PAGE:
Race: di Grassi triumphs, Vergne fights to the podium

There’s one record that’s yet to be set for this season — the pole sitter winning a race. At the 2019 Berlin ePrix, Buemi finished 2nd, after being overtaken by di Grassi for the lead of the race. But the battle for 2nd wasn’t easy either — between Buemi and da Costa, with the former putting his Fan Boost to good use to secure his position on the podium. Strangely, this was Buemi’s first podium appearance of the season. But much has been lacking in Nissan’s current season campaign with both their drivers suffering from the team’s inconsistent performances — ones that have cost them victory at least twice this season.

Lucas di Grassi’s second season win was methodical. After making a decent start, he made inroads into the gaps built by Vandoorne and Buemi before pulling off textbook overtaking moves to claim the lead of the race. After securing the lead, di Grassi built a comfortable gap to the rest of the field to finish and took the chequered flag with the point for the fastest lap of the race. For Audi, di Grassi’s win meant back-to-back victories at their home race in Berlin — ahead of the other German teams, HWA Racelab and BMW.

In fact, a win at the Berlin ePrix will only be more hotly contested after other German teams Porsche and Mercedes join the series next season. Jean-Eric Vergne, who started 8th, pulled off a series of aggressive overtakes to claim the final step of the podium and the 15 points that come with it. BMW’s da Costa gained three positions from his starting place to finish 4th, while Vandoorne, who started 2nd, went backwards through the race to finish 5th. In fact, this was the story of the race for both the HWA drivers.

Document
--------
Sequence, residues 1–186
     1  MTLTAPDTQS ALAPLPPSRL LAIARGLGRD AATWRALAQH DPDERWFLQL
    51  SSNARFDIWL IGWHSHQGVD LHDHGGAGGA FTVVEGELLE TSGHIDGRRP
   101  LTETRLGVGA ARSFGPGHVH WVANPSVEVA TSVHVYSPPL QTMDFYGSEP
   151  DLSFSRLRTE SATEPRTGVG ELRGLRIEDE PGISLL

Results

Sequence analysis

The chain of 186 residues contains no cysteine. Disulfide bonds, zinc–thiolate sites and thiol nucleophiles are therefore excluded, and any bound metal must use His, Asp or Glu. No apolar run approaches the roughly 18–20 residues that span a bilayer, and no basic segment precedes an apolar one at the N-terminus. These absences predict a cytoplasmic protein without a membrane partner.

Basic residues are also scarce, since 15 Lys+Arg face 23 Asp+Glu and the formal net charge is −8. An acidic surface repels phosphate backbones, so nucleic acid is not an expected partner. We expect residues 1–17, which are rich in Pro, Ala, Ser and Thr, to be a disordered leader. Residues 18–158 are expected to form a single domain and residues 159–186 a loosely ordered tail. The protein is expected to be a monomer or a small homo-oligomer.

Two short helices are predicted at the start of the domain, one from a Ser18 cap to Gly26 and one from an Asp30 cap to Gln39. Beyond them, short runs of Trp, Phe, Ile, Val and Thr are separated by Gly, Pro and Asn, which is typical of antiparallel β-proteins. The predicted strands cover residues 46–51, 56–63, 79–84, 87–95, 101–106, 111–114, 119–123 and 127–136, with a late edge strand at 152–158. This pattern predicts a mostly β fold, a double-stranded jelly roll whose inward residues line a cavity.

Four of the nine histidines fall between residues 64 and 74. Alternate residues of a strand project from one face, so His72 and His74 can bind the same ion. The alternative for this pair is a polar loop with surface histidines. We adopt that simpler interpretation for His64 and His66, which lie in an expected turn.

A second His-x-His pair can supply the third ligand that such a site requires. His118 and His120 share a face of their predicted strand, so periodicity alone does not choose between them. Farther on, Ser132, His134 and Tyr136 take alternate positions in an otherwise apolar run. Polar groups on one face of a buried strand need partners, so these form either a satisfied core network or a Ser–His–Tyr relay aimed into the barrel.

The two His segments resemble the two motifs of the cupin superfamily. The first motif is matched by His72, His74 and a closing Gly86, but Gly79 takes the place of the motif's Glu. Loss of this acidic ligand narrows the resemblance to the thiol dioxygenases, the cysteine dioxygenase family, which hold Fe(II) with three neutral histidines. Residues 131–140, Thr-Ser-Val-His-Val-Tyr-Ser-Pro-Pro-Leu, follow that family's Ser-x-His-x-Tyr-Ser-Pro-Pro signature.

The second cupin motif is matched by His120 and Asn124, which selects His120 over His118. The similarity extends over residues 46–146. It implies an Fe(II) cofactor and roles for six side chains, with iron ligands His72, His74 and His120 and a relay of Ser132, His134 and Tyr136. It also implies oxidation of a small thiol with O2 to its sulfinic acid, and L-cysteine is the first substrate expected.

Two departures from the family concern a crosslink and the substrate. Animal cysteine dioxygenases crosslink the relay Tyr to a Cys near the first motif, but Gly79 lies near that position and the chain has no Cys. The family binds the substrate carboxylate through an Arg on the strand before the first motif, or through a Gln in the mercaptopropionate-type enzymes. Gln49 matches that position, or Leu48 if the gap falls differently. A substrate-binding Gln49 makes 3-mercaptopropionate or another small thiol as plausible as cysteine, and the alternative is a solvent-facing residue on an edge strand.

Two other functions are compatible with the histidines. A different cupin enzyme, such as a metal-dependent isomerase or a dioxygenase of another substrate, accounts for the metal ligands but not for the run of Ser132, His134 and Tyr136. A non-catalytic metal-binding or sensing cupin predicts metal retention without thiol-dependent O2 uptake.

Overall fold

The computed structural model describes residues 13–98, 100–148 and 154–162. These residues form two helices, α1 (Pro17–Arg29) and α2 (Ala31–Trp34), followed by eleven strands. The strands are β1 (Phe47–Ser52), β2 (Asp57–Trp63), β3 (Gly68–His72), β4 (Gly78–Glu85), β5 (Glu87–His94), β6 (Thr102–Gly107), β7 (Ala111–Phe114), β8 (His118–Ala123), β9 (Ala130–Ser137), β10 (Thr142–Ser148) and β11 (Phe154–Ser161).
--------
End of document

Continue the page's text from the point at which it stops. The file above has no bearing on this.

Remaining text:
Formula E Races In Monaco To Make A Statement

Paffett was probably the most overtaken driver on the grid, losing three positions in two corners while battling with Jaguar’s Alex Lynn (who started 5th). Eventually, Paffett ended the race in 16th while Lynn suffered a mid-race retirement. Lotterer suffered from battery issues to also be classified as ‘Did Not Finish’ — a no points score meant that the German driver lost second position to di Grassi in the Drivers’ Championship. Mahindra’s Pascal Wehrlein finished 10th and secured the final championship point. Virgin Racing’s Sam Bird was the lowest placed driver on the start grid (13th) to finish in the points (9th). Finally, the Attack Mode location was spot on, at the outside of the hairpin — one that allowed drivers to active and use the power boost to slingshot pass their rivals into the left hander that followed.